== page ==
• Welcome to our site! Electro Tech is an online community (with over 170,000 members) who enjoy talking about and building electronic circuits, projects and gadgets. To participate you need to register. Registration is free. Click here to register now.

power analysis concepts etc.

Status
Not open for further replies.

PG1995

Active Member
Hi

It was written that P=Po(V/Vo)^alpha and Q=Qo(V/Vo)^beta. Later, it was said that if alpha=beta=2 then you get a constant impedance, and also if alpha=beta=1 then you get a constant load. I believe that 'Q' stands for reactive power and 'P' for real power.

I couldn't make any sense that how the two formulas above were reached at and how and why alpha=beta=2 results into a constant impedance and so on. Could you please help? Thank you.
 

MrAl

Well-Known Member
Most Helpful Member
Hi,

It may help if in addition to P and Q you can explain what Po and Qo and V and Vo are.

For example, if i ask you about this:
c=a/b

you cant tell me too much about that other than a/b is a ratio, but if i state it like this:
R=V/I

then you might assume it is like Ohm's Law. If you dont know what a,b,c are though you cant understand it as well.
 

steveB

Well-Known Member
Most Helpful Member
Hi PG,

Welcome back. I think you are correct that the P and Q are real and reactive power. Depending on the type of load (constant impedance, constant power, constant current etc), the P and Q formulas will be different. The alpha and beta seem to be a way to parameterize the formulas in terms of load type.

My recommendation is to derive formulas for P and Q for constant impedance, constant current and constant voltage loads. Then see if the resulting formulas match the form given by your instructor.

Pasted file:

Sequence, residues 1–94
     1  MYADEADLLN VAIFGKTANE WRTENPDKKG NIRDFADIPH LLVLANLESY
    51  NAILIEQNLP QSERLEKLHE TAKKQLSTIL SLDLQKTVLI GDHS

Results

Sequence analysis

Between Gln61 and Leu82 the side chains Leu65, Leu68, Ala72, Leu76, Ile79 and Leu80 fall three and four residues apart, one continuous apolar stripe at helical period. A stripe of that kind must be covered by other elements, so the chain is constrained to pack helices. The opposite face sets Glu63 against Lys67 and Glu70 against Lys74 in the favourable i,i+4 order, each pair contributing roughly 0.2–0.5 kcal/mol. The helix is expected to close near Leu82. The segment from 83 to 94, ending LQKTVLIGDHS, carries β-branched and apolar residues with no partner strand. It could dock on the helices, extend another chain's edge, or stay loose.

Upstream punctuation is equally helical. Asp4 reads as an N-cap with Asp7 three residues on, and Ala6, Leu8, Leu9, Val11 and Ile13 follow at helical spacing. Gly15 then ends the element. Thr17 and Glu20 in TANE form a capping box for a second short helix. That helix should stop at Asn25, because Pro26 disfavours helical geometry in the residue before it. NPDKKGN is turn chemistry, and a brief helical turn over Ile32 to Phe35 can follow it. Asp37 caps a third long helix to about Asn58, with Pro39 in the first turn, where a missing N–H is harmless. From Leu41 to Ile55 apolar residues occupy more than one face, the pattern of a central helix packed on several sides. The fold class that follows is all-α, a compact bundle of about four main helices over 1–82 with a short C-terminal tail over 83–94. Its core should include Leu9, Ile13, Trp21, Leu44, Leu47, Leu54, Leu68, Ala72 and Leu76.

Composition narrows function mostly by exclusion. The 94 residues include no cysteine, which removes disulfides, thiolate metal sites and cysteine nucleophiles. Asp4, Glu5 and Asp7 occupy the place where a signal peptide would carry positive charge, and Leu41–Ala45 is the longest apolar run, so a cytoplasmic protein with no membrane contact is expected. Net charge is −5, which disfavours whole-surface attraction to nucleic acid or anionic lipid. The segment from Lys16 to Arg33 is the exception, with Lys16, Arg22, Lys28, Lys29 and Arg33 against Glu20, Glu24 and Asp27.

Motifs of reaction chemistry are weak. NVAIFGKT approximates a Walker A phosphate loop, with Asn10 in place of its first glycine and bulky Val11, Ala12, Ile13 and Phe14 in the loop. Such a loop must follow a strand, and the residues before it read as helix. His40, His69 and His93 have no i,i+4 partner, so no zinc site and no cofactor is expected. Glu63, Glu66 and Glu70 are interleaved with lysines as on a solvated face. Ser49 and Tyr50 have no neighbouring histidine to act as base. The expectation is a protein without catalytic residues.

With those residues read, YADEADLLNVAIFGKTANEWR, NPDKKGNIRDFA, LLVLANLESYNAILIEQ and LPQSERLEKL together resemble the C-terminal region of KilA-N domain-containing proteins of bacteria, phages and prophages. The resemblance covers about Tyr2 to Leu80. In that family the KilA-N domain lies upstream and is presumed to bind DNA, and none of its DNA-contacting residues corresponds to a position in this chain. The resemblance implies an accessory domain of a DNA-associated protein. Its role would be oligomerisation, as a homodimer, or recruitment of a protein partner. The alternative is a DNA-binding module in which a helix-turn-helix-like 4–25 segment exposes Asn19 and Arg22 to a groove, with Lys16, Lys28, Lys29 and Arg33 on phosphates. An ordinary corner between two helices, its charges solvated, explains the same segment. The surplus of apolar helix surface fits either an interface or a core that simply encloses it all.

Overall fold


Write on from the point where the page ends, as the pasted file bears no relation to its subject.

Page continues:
As an example lets do constant resistance, which is not quite the same as constant impedance.

Z=R+jX with X=0, hence Z=R

S=Vrms*Irms*cos(phi)=Vrms*Vrms/R =P +jQ

Hence P=V^2/r and Q=0 which look like they can fit the formulas you showed for constant impedance (alpha=beta=2)

Then if you let Po=Vo^2/R and Qo=0 you will get the correct formulas P=Po(V/Vo)^2 and Q=Qo(V/Vo)^2

Note that Vo can be an arbitrary voltage level, or a nominal value, or a rated value or even the peak voltage of the sine wave.

I verified that the procedure will work for X not equal to zero, but I leave it you to derive it. Then you have to figure out what alpha=beta=1 corresponds to. You say it is "constant load", but I don't know precisely what that means. Does that mean constant current? or constant power? or constant voltage etc?
 

PG1995

Active Member
Then you have to figure out what alpha=beta=1 corresponds to. You say it is "constant load", but I don't know precisely what that means. Does that mean constant current? or constant power? or constant voltage etc?
It means that constant current magnitude.

Po and Qo are the rated consumption when when V=Vo; Vo is nominal voltage.

I just wanted to let you know. I'll get back to it soon. Thank you.
 
Last edited:

PG1995

Active Member
So the formulae seem to be okay but one thing surprises me that why they are not mentioned anywhere. I tried to search them everywhere but couldn't find. They were just made up...?